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Review: Indiginus Renegade Guitar
Jay Asher on Tue, March 15th | 0 comments
OK, Jay, we know you like Indiginus’ guitars, but a review of another one? Yep! Their new Fender Telecaster library is terrific, and Telecaster libraries are less common than the Stratocasters.

What is Renegade Guitar? 

The Renegade is a Kontakt instrument that requires the full version of Kontakt. It has two pickups, bridge and neck, and three pickup positions as the middle position blends the two pickups.

It has two modes: Solo and Chords. 

 

Chord Mode

Chords has mapped upstrokes and downstrokes in two different octaves, you can control the strum speed and tie velocity to it, and it will even arpeggiate the chords. Click on the Anvil icon and you have power chords. See Pic 1. 

Pic 1

Pic 1

 

You can customize the triggered chord for each note and even create your own chords in the chord grid that you see in Pic 2.

Pic 2

Pic 2

  

Personally, as Tracy of Indiginus knows from my past reviews, I would prefer the ability to play my chords and inversions manually as I can with some competitor’s libraries, but it is hard to argue that this method does not work easily and sound great. Also, you can save the chord maps and load them into other instances. 

Solo Mode 

There are a ton of articulations, of course, which can either be triggered by velocity or keyswitching: hammer ons, trills, downslides, up and down bends, and momentary up and back down to the note, which really heightens the realism. You can even add harmony by velocity or keyswitch and keyswitches, which I prefer generally, override the velocity. Clicking on the Settings button displays the keyswitch maps, as you see in Pic 3. 

Pic 3

Pic 3

 

You can control vibrato with CC1 (modwheel) but there is also an auto vibrato with a controllable vibrato depth that works really well. See Pic 4.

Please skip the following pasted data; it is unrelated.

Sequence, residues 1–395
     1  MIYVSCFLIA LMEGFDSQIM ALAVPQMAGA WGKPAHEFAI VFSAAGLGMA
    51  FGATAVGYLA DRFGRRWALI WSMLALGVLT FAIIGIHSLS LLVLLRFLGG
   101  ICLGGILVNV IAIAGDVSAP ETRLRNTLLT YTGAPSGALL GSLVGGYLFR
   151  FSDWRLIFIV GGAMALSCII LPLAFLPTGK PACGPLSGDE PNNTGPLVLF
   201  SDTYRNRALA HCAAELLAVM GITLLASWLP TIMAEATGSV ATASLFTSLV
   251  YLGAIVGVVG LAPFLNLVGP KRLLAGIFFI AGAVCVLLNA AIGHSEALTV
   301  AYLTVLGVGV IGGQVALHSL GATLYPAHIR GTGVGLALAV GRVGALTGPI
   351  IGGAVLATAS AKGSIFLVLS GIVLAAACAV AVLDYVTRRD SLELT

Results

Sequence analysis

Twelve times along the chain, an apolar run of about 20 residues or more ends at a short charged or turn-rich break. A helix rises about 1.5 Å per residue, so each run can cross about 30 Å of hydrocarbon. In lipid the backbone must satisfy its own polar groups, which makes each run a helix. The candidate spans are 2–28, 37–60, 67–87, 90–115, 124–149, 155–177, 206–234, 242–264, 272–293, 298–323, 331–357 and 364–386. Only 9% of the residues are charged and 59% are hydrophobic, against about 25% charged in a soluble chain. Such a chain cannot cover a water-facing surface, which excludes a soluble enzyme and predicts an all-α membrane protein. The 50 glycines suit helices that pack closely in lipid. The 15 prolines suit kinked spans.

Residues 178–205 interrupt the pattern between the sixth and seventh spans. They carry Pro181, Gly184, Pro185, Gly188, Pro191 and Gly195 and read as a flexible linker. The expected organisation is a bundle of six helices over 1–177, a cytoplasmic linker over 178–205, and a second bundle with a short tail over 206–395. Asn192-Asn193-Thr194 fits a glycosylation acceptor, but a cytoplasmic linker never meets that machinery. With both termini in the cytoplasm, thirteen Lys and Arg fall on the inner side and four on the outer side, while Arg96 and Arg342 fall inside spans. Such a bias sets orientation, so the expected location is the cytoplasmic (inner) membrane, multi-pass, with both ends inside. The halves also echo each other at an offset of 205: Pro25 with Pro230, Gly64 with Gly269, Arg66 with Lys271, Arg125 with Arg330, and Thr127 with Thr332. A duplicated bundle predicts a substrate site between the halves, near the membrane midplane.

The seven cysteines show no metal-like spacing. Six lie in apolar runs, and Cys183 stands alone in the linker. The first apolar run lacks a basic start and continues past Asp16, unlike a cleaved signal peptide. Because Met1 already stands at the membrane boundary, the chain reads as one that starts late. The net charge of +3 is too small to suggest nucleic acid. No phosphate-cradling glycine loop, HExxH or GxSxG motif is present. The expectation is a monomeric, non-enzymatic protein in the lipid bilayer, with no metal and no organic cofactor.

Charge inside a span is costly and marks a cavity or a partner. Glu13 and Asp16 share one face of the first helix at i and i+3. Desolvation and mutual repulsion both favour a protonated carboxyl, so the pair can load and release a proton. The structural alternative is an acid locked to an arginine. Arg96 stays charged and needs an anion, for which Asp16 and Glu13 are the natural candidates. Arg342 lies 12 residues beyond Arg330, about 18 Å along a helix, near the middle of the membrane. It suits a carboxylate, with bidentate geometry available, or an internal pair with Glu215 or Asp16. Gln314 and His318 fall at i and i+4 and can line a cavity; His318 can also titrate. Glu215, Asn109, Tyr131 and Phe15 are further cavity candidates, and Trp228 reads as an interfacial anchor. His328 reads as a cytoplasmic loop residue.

Pic 4

Pic 4

 

FX and Presets

Usually, the first thing I do is turn off the included FX in libraries as I have so many great ones, but this library is going to be an exception to that rule, because they sound amazing, so much better than you would expect in such an inexpensive library. And of course, you can create your own, either in the presets or with the camera tool now recently incorporated into Kontakt. Check out Pic 5. 

Pic 5

Pic 5

 

There are also the Harmony presets that you see in Pic 6.

Pic 6

Pic 6

 

Conclusions

Once again, it sounds just great and at a $49 introductory price that will eventually, maybe by the time you read this, go up to $59, this is the very definition of a “no-brainer” in my opinion! I did not include any audio examples because the website has a teaser and a video walk-through that show it off in its best light. 

Price: $49 (time-limited), Regular $59 USD

Pros: Beautifully recorded, does pretty much everything you could want a library like this to do to help you create some realistic guitar parts. Easy learning curve and everything in the GUIs are very clear. Light on CPU. Great included FX.

Cons: Doesn’t recognize chords and inversions you play manually.

Requirements: Full version of Kontakt 5.5

Web: http://indiginus.com/renegade.html

 

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